by Maria L. Evans
I asked God for strength, that I might achieve.
I was made weak, that I might learn humbly to obey…
I asked for health, that I might do great things.
I was given infirmity, that I might do better things…
I asked for riches, that I might be happy.
I was given poverty, that I might be wise…
I asked for power, that I might have the praise of men.
I was given weakness, that I might feel the need of God…
I asked for all things, that I might enjoy life.
I was given life, that I might enjoy all things…
I got nothing I asked for – but everything I had hoped for;
Almost despite myself, my unspoken prayers were answered.
I am, among men, most richly blessed!
–Attributed to an unknown Confederate soldier
Although the author of this prayer has been lost to history, legend has it that it was found on the body of a dead Confederate soldier in the Devil’s Den at Gettysburg. It remains a poignant reminder that in our relationship with God, “what we get” can be an opportunity for spiritual growth, even when it’s grossly apparent it wasn’t the thing for which we asked.
Now, I can’t explain why, but this long ago prayer/reflection sprang to my mind when I read a recent blogpost about the value of decorum-disrupting children at church, written from the vantage point of one of our Roman Catholic neighbors–it’s certainly not a denomination-specific point of coffee hour chatter.
I’m the first to admit I’ve seen kids in churches do things that raise my hackles, often thinking, “Oh, wow, if I’d done that at church, my granny would have turned me into a little red grease spot on the church steps.” At the very least, she would have applied her version of the Vulcan Nerve Pinch on my shoulder, never looking at me, but making it painfully clear I’d better straighten up and fly right. It’s amazing how those old memories can bring an almost instantaneous rush to judgment.
But then I take a deep breath and consider the bigger picture. Perhaps I know nothing about this child and he/she is a special needs child, and those poor parents have showed up in search of one shred of solace in their difficult family life. Perhaps the parent is busy serving the worship service through a role in the liturgy or music, or coffee hour, and simply can’t always keep an eye on their child and their task every single moment. Perhaps that baby’s been fussy for three solid days, and the mom came to church because she simply needs the Sacraments to get her through what may well be Day Four.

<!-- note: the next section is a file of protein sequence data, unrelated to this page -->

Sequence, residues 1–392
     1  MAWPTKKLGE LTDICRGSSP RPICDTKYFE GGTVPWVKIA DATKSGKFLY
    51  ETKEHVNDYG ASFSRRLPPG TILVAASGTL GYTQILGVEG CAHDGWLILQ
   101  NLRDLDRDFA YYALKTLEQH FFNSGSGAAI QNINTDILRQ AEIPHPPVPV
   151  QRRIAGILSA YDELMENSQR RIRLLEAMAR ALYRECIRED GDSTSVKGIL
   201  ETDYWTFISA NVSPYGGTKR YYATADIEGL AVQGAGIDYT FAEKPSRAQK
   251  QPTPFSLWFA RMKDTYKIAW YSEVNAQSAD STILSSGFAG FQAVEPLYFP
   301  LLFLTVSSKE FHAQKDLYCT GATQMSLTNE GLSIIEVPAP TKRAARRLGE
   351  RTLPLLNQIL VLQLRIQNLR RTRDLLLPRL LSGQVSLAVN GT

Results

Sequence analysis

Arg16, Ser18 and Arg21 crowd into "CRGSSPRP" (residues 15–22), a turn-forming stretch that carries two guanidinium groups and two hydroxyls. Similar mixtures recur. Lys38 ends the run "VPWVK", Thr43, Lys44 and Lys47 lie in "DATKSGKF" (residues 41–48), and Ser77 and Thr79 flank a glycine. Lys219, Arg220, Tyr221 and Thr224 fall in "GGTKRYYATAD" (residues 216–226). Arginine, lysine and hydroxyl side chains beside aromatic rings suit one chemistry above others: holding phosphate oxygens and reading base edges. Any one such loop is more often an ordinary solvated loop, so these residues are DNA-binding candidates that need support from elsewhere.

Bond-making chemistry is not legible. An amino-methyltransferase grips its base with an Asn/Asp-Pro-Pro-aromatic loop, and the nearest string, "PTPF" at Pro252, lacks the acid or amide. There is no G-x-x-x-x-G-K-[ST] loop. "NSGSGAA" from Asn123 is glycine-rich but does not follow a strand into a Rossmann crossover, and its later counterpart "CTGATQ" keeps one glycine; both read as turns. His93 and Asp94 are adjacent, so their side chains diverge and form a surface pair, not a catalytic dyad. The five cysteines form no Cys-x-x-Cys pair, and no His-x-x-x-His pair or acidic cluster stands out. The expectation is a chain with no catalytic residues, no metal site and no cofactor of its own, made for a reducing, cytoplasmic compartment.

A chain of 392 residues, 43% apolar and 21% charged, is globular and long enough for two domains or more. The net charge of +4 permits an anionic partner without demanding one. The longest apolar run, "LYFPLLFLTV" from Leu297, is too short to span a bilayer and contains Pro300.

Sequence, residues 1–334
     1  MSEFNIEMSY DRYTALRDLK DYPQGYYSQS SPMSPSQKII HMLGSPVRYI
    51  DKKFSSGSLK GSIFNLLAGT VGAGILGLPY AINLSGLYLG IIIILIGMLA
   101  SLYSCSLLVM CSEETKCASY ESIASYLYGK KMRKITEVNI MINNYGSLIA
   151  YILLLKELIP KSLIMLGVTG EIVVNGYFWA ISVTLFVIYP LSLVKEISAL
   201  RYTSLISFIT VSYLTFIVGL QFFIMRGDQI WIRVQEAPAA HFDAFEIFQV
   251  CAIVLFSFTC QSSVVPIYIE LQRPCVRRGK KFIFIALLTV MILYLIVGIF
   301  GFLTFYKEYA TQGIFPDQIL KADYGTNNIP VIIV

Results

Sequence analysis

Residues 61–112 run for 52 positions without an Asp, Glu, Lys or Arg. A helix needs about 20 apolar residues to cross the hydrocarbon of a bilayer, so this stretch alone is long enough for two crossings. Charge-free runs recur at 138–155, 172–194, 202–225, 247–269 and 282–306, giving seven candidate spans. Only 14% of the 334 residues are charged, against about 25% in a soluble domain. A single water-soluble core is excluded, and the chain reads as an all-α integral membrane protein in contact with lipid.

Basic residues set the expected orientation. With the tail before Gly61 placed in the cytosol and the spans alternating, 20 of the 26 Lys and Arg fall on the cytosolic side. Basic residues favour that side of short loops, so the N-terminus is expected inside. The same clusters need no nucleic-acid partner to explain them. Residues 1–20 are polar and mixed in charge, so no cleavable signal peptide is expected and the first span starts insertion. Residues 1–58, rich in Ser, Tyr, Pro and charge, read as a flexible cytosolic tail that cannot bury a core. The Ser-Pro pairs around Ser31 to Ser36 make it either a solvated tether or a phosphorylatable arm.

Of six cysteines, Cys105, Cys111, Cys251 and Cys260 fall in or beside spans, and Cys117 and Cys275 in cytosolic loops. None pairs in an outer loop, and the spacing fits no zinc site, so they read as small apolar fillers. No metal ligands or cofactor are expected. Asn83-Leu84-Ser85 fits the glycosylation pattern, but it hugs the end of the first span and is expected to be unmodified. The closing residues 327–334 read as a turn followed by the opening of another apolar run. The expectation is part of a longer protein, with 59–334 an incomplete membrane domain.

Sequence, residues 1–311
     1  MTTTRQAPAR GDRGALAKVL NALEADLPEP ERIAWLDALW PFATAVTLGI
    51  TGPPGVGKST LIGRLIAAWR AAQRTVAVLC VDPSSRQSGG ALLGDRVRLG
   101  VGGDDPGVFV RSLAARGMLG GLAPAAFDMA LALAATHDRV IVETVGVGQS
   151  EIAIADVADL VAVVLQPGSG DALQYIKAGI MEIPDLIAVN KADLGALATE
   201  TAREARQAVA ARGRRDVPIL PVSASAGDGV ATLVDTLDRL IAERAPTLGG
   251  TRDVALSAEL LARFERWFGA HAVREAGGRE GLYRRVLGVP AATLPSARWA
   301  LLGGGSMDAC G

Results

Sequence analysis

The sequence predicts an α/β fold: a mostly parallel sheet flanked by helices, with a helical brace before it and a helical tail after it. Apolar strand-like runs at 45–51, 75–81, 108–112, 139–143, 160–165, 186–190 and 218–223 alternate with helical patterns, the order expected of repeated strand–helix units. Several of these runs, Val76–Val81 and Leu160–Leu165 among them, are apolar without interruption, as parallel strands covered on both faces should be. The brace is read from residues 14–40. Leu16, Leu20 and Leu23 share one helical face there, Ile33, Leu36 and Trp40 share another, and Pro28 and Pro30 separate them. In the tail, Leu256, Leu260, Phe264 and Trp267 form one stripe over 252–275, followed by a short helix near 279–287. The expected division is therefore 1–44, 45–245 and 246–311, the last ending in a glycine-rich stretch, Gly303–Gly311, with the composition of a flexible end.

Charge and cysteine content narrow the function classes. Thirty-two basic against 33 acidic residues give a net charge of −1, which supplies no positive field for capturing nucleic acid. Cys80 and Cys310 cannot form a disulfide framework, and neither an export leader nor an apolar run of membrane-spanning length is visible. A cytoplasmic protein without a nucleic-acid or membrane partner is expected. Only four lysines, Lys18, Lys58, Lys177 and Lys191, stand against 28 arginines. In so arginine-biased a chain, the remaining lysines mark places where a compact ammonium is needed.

Child-based annoyances in church, when we begin to look at the bigger spiritual picture, are often simply God’s wake-up call to look at how we are caring for each other in our shared community life. What kind of break could we have given the harried moms, dads, or grandparents on Saturday, that might have made Sunday easier? Are we a trusted person who can step up and work through things with the kids when they are acting out and the caregiver is needing to focus on an immediate task? Do we have a story to share at coffee hour that helps families and caregivers feel less isolated or alone in the rearing of their boisterous child? Is there something we can do in our normal interactions with the child that can help plant the seeds of good manners and good social behavior?
When I am open to exploring those options, and changing my behavior, I find my attitude changes, as well as the level at which they become an annoyance. I can catch myself even smiling in gratitude–because you see, if the truth be known, I’ve had days in church where I was so overjoyed with the liturgy, I secretly wish I could show it the way little kids do–by leaping off the top step of the chancel, zooming up and down the aisles, or spinning circles to the verge of dizziness before returning to my seat. If only I can be so lucky that God knows those feelings live inside me, even though I’m standing or kneeling reverently.
What stories can you tell of annoyances or irritations that became fuel for spiritual growth, and a reversal to a more Gospel-like view of the world?
Maria Evans, a surgical pathologist from Kirksville, MO, writes about the obscurities of life, medicine, faith, and the Episcopal Church on her blog, Kirkepiscatoid